Catholics encouraged to prepare for flu


By Deacon Frank Agnoli

Sites around Iowa are beginning to report cases of influenza. We have been at an “immediate preparation” stage of readiness. With the onset of flu, please bring your preparations to “Step 1.”

Please review the Davenport Diocese’s flu policy. Step 1 focuses on basic hygiene and social distancing measures.

No changes in liturgical practices are called for at this time.

Step 1 Interventions


a) Review and update existing plans and protocols; complete any tasks from §§II-9102.1 and 9102.2 that remain undone.

b) Parish/institutional leadership are to remind staff, students and parishioners of proper cough and sneeze etiquette, hygiene and social distancing measures.

c) Set up hand-washing stations (tissues, trash receptacles, hand sanitizer, instructions/signage) whenever there is a large group gathering (including at church entrances); especially if there are insufficient washroom facilities.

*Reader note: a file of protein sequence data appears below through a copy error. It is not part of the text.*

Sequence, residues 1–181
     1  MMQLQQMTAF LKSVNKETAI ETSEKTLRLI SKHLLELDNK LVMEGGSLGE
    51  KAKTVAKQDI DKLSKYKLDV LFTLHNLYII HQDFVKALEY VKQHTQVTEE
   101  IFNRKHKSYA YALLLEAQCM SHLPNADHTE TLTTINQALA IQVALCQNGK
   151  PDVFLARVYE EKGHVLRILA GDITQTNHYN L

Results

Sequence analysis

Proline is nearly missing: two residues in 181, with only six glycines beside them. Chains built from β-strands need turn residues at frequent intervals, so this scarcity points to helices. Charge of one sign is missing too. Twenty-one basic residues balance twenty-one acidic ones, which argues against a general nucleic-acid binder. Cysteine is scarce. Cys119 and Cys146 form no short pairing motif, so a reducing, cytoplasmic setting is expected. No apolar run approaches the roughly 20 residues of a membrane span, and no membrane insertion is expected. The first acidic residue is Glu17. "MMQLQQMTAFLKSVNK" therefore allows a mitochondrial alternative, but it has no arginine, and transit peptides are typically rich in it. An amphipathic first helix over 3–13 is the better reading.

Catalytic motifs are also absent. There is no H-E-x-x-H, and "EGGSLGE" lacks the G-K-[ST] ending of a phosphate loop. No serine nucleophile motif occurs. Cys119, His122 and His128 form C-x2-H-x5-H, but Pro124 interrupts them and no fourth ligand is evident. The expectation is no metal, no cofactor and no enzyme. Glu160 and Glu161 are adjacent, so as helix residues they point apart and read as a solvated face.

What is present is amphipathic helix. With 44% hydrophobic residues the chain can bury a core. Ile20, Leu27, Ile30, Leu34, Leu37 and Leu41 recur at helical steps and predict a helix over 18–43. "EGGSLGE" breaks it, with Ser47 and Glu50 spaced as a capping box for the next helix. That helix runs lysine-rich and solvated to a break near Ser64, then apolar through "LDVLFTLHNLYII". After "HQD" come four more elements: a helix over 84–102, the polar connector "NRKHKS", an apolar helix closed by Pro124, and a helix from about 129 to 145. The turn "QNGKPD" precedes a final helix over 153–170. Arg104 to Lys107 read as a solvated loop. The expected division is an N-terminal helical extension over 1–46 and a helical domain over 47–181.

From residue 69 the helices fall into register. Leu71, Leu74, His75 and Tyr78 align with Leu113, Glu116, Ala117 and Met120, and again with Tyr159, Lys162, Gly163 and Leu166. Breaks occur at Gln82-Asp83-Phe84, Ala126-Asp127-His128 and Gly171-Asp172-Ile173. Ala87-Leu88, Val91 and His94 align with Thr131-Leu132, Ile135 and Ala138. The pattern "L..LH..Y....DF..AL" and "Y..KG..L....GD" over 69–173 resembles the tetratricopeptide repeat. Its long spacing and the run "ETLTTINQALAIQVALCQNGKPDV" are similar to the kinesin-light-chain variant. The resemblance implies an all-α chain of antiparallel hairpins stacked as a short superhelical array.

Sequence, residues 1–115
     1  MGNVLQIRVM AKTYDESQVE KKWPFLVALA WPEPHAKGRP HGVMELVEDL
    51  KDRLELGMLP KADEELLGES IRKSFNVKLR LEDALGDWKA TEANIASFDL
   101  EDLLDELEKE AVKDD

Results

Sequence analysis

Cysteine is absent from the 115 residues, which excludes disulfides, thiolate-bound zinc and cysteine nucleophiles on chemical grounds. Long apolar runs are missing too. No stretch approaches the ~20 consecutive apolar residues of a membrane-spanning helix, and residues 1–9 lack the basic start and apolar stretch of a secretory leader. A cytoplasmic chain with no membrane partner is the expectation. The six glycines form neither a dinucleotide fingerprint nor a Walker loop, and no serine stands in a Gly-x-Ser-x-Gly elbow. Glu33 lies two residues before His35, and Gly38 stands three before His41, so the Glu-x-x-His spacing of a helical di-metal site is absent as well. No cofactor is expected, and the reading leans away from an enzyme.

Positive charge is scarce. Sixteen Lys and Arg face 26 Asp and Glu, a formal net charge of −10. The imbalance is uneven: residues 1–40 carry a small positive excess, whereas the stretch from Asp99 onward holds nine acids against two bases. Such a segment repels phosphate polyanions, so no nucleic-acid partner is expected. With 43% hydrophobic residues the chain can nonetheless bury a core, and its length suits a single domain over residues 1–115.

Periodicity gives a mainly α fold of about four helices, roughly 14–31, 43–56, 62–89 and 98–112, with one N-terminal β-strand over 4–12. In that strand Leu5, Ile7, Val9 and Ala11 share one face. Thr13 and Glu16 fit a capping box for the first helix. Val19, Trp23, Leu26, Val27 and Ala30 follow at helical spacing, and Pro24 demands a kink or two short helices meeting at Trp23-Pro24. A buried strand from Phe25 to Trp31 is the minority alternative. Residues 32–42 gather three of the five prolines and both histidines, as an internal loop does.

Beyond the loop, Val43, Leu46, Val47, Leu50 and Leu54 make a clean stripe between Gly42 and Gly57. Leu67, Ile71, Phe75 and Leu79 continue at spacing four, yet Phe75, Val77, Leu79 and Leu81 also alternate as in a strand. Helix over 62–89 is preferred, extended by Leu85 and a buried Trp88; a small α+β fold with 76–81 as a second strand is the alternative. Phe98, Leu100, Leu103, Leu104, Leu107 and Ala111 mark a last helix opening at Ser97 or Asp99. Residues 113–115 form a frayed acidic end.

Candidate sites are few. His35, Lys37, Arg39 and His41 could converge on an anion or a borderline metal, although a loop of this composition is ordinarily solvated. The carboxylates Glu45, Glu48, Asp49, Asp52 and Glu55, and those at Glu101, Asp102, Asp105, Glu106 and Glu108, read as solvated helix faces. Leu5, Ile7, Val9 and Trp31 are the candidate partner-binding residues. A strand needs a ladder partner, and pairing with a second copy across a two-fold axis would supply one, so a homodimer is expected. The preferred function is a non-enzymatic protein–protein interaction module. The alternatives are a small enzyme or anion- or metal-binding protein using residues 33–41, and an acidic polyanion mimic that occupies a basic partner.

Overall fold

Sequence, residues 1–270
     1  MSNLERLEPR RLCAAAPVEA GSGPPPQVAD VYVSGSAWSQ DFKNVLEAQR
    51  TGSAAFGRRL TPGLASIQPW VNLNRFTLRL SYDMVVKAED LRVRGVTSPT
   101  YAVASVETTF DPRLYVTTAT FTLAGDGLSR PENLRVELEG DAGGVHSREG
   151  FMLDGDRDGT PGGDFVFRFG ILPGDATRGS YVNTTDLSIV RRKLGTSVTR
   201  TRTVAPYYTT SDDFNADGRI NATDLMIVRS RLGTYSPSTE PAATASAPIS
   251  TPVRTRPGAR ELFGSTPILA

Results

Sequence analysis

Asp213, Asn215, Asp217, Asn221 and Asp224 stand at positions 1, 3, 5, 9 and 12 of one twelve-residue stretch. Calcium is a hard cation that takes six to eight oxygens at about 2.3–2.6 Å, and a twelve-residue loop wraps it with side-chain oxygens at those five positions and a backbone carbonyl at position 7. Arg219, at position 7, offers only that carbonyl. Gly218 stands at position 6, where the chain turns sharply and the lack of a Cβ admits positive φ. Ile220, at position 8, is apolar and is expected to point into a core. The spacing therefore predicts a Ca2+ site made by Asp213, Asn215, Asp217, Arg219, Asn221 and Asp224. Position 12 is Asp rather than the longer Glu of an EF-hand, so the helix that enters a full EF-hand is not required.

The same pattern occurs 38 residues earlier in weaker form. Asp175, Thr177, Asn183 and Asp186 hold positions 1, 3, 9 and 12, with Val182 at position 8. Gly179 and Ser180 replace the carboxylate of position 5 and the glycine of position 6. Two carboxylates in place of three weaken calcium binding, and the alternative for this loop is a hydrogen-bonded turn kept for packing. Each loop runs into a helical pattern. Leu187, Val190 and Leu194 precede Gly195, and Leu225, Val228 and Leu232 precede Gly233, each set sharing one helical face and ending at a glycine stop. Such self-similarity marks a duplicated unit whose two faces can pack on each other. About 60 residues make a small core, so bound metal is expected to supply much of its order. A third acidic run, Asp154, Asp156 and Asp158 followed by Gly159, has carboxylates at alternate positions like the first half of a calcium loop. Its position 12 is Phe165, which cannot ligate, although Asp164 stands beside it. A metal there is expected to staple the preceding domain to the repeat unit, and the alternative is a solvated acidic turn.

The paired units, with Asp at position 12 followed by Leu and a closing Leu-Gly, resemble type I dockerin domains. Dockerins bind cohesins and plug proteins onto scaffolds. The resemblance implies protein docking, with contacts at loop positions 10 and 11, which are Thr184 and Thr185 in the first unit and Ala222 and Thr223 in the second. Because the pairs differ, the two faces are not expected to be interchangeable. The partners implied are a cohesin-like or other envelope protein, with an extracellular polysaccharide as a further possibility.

d) Review and increase frequency of sanitizing door handles and other commonly touched solid surfaces.

e) Remind diocesan staff, clergy and parish/school communities of possible future steps. It is crucial that everyone be prepared for what to expect in the event of a pandemic.

f) Bring stockpiles up to levels that would allow for at least three weeks of activity without restocking.

g) Faith formation programs should be aware that camps, retreats, and other large youth gatherings may need to be postponed or cancelled, depending on local conditions. Youth ministers and catechists should keep up to date with the latest advice from public health authorities concerning such gatherings.

h) Schools should finalize plans for possible closure. Parents should be asked to prepare for this possibility, and should be reminded that:

If students are dismissed from schools, they should be encouraged not to re-congregate outside of school in large numbers.

If childcare facilities close and there is a need for childcare, families could plan to work together with two to three other families to supervise and provide care (using the same caregivers each day) for a small and consistent group of infants and young children while their parents are at work (studies suggest that childcare group size of five or fewer children may be associated with fewer respiratory infections).

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